Tuesday, November 1, 2011

‘Arab Spring, African Fall’: A Reawakening

Idi AminImage via Wikipedia
Uganda's infamous dictator, Idi Amin
For some reason I thought it would be much easier to find a compiled list of African dictators online. Africa has been branded as the ‘continent of dictators’ along with Asia and Latin America since the waves of independence from foreign control. Even though the world’s dictators are spread across four continents (Europe’s dictators rarely ever get a nod), Africa is more often associated with dictatorial rule than its counter parts. Indeed, the continent has been home to its fair share of notorious dictators like Idi Amin, Kamuzu Banda, Al Bashir, Mengistu Mariam and Robert Mugabe. But African leadership is transforming. By looking online and trying to piece together a complete list of dictators, it looks like there are 17 dictators left out of the 48 countries on the continent:
  • North Africa – Algeria, Chad, (North) Sudan, Morocco
  • East Africa – Somalia, Rwanda, Ethiopia, Eritrea
  • West Africa – Guniea, Cameroon, Equatorial Guinea, Gambia
  • Southern Africa – Angola, Zimbabwe, Swaziland
  • Central Africa- Congo, Central African Republic
It should be noted that the classification of who is considered a dictator varies by definition and list (one analyst, went as far as listing the number of African autocratic states as 39). Even though Africa is commonly seen as the continent that wrote the ‘dictator’s handbook’, the majority of autocratic leaders today, are largely in Asia. Across different lists of autocratic governance and across different indices that measure levels of freedom enjoyed by citizenry, Asia seems to currently bear the brunt of tyrannical rule. This is even more so since Africa lost four dictators this year. It’s not often that Africa is given credit for teaching and/or upholding the ideals of democracy. Dictatorships in Asia, which have already been inspired by events in North Africa as seen in the ‘Arab Spring’, can (and should) continue to draw parallels and learn from the long history of anti-dictatorial revolts in Africa by its citizenry.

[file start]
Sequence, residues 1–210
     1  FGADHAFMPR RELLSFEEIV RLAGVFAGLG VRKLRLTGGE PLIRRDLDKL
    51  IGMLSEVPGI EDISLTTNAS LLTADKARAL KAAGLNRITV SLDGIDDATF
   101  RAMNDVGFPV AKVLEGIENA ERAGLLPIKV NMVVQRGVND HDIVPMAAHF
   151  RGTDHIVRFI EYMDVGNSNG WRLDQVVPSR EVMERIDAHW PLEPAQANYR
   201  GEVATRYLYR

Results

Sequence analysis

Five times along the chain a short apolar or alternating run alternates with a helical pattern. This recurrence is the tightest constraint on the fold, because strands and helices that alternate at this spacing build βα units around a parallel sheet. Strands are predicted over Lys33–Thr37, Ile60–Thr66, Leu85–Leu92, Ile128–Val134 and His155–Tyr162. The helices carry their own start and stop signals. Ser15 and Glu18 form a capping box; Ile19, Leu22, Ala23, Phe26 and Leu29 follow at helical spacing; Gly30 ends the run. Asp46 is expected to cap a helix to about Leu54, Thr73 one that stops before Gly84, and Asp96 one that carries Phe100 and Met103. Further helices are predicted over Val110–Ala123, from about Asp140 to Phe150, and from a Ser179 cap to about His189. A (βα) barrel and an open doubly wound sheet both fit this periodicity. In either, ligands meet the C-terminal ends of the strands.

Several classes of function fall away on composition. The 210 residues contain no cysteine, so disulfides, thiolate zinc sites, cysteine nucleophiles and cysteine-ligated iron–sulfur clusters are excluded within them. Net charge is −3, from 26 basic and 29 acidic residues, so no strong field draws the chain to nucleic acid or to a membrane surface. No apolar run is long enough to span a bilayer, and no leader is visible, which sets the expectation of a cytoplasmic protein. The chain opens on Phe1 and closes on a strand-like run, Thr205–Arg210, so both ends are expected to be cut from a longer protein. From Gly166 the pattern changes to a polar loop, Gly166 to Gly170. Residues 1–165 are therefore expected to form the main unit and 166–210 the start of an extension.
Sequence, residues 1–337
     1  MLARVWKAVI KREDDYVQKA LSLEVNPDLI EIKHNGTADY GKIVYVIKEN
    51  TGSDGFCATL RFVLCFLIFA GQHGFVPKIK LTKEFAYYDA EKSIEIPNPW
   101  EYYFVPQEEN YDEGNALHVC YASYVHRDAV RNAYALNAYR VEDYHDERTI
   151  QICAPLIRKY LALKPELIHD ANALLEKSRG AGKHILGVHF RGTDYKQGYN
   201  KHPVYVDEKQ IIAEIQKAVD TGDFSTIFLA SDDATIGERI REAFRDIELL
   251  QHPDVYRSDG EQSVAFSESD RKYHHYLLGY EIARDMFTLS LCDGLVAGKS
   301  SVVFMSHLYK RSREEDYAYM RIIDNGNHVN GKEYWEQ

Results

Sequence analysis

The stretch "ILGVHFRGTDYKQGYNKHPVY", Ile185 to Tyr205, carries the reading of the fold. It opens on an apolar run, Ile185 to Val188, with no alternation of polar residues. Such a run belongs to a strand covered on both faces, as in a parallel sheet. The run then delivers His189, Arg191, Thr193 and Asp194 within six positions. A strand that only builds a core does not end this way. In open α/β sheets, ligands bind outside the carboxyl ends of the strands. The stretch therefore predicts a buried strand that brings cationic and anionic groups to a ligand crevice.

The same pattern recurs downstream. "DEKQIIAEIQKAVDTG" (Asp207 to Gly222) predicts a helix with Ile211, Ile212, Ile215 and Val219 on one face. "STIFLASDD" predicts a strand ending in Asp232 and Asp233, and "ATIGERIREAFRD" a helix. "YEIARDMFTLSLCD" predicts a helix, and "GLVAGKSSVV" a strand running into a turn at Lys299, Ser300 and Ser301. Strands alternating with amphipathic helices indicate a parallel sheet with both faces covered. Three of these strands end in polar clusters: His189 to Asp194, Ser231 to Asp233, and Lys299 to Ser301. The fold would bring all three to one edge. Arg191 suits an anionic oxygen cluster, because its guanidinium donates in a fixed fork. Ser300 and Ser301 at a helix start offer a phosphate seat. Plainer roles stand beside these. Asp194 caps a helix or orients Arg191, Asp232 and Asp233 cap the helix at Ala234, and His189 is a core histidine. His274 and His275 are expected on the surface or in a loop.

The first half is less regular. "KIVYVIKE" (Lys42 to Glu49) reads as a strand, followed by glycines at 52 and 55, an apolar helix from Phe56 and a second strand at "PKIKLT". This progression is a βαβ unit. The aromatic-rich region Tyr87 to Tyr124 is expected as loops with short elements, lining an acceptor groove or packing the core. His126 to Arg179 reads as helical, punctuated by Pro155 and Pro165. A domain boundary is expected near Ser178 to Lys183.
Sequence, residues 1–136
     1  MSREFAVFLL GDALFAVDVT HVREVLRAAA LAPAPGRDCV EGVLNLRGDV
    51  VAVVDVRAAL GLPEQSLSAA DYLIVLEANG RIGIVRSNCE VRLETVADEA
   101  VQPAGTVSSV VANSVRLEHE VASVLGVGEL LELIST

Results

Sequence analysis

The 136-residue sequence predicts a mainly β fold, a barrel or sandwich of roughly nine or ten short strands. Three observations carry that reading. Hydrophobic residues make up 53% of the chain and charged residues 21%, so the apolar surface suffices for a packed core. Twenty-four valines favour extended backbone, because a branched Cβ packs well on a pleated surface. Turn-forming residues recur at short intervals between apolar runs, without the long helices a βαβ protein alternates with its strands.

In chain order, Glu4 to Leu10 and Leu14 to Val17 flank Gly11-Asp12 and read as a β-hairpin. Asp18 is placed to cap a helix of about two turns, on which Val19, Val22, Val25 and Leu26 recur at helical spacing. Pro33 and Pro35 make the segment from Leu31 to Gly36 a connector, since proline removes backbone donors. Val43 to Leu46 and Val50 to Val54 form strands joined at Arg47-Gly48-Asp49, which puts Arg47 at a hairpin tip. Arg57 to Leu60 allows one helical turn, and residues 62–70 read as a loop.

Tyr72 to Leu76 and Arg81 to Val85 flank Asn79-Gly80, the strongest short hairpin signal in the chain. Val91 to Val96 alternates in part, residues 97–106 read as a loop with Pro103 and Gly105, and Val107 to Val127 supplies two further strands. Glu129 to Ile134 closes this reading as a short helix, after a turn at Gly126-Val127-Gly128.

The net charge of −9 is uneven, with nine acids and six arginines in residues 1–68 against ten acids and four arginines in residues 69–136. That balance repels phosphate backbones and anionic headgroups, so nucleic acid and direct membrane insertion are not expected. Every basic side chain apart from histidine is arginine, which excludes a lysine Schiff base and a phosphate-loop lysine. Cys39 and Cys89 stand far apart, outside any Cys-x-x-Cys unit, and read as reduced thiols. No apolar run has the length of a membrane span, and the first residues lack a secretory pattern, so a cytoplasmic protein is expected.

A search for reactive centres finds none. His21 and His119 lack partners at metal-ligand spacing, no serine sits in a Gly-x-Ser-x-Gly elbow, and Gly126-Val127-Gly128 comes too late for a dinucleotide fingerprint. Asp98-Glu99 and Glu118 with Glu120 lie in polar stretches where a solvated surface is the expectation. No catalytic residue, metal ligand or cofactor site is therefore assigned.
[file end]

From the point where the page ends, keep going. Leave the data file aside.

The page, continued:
Way to go Egpyt! 02/11/11Image by cactusbones via Flickr
Arab Spring in Egypt was a paramount event.
African dictators have been falling this year. This year, Africans have witnessed the fall of Moburak, Laurent Gbaghbo, Ben Ali and now, Ghadaffi. Although some African leaders tried to hold out a candle for Ghadaffi, even the African Union has now conceded that the he is no longer the leader of Libya. By examining the list, it appears within the continent, North, East, and West Africa have a lion’s share of countries led by dictators. It is clear that at the beginning of this year, the numbers of dictators within Africa, were disproportionally in North Africa. In fact, according to Judy Smith-Höhn, a senior southern Africa researcher at a Pretoria-based think-tank the ISS Sub Saharan (SSA) countries like Malawi and South Africa, experienced the events witnessed in North Africa this year, in the 1990s and yet people are constantly trying to use protests that occurred recently in countries like Malawi, as southern Africa’s `Arab Spring’ (Irin News). As an example, in southern Africa (consisting of nearly 14 countries), Zimbabwe, Angola, and Swaziland are the last remaining dictatorships. So it is also fair to say that North Africa too should have been able to draw parallels and learn lessons from the history of anti-dictatorial movements in southern Africa by its citizenry. When protest led to Kamuzu Banda and De Klerk’s National Party left power, we should have also looked to North Africa asking, “is North Africa next?”